Myanmar will soon reopen to tourism, more than five years after a catastrophic cyclone crushed the country.
The plans mean that around 1.2 million people are expected to find jobs, all of whom will benefit from income-generating projects set up through the “new era”.
Yet economic powerhouses such as Dubai and Singapore which saw their industries hit during the last Burmese cyclone, are already looking to bolster their economies even further, and will be bidding for the tourists looking to rebound from a cyclone of their own.
Myanmar is a popular tourist destination, and overseas arrivals hit 1.8 million people in 2017, a little more than 1.1 million of which were British.
Cyclone Nargis killed nearly 138,000 people in 2008, a figure that rises to 145,000 if the UN Fact Charts are correct. The floods which swept across the country left 4.5 million people displaced, while 2.5 million people are still struggling to re-build their lives.
But Myanmar’s hopes of a large influx of tourists from around the world is far from clear. Tourism generated over $1.1 billion for the country in 2017, according to the Associated Press, with the country’s economy growing strongly in recent years, despite the cyclone.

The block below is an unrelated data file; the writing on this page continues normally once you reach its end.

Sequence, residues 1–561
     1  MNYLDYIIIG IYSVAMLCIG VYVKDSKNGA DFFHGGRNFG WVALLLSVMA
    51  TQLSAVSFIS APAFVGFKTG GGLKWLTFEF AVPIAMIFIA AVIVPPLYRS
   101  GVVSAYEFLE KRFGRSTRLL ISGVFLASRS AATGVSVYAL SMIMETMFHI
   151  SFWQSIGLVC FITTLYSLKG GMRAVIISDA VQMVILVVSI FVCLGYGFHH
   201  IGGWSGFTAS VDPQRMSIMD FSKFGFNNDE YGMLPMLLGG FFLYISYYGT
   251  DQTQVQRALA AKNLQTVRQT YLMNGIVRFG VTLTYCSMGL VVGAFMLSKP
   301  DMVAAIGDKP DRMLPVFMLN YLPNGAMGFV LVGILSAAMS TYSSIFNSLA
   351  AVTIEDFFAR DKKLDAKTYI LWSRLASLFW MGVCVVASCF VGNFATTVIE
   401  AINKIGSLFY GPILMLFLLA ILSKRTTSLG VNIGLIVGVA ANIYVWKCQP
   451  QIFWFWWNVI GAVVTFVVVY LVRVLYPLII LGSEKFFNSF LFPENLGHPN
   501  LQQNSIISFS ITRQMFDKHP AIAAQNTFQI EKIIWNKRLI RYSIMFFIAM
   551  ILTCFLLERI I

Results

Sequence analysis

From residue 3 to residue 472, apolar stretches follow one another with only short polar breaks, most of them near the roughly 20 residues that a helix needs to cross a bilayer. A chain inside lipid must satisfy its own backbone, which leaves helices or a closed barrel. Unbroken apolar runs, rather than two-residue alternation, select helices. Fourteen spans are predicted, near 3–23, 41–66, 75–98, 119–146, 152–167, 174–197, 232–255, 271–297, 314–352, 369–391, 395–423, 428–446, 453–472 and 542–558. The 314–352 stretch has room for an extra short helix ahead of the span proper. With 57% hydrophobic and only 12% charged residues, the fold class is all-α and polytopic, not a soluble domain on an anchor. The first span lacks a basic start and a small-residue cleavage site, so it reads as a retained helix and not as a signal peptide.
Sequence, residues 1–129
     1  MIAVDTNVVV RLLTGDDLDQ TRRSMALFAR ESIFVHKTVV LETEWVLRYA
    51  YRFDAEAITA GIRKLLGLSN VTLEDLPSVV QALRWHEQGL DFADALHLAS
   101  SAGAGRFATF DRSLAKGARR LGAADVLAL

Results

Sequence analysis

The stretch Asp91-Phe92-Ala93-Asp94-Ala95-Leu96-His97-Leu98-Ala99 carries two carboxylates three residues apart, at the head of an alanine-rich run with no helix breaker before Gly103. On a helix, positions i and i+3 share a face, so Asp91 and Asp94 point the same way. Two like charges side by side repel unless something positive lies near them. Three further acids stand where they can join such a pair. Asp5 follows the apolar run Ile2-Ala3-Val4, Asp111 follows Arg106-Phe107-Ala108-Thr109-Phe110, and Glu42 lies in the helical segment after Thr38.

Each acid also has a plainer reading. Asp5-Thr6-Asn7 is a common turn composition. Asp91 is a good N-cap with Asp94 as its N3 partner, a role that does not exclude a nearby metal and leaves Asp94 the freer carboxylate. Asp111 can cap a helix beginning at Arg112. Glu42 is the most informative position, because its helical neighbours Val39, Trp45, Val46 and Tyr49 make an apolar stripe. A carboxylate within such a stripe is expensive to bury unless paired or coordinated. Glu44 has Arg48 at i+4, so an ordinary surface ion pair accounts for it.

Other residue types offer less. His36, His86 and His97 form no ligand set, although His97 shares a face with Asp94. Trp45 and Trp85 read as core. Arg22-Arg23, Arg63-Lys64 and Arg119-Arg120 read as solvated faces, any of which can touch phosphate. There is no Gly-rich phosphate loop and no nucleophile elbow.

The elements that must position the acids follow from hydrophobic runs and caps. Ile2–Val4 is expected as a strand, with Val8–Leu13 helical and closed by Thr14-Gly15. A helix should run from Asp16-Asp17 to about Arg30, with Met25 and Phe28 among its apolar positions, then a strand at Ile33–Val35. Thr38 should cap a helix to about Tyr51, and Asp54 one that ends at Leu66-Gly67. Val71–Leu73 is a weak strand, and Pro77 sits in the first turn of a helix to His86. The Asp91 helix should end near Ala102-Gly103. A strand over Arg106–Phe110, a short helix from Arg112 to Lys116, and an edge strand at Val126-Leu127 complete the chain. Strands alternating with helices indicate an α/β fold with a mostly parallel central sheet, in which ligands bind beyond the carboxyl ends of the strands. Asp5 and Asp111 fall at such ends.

Some analysts are skeptical, however, that any of the existing infrastructure will be ready by 2022.
Yawn to tourists who are used to artificial air strips: Dubai’s BinZayed Airport has just become the world’s biggest by terminal size. pic.twitter.com/PN8TfNsBWm — UAE News (@UAENewsTeam) June 20, 2018
Meanwhile, there are plenty of spectacular things to see and do if you are already in the region, such as the Middle East’s largest park, Al-Dhabba Park in Abu Dhabi, the glitzy pyramids at Giza, or several thriving food hubs in Dubai.
The jewel in Dubai’s crown is the majestic Burj Khalifa which, at 2,700 metres, is the tallest building in the world.